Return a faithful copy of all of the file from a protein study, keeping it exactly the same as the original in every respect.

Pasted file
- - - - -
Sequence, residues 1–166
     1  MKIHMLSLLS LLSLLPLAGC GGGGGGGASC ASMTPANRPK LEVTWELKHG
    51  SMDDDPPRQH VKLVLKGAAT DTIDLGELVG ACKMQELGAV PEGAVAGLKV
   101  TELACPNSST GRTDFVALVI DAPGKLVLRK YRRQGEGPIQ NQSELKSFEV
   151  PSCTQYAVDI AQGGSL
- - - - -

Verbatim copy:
Sequence, residues 1–166
     1  MKIHMLSLLS LLSLLPLAGC GGGGGGGASC ASMTPANRPK LEVTWELKHG
    51  SMDDDPPRQH VKLVLKGAAT DTIDLGELVG ACKMQELGAV PEGAVAGLKV
   101  TELACPNSST GRTDFVALVI DAPGKLVLRK YRRQGEGPIQ NQSELKSFEV
   151  PSCTQYAVDI AQGGSL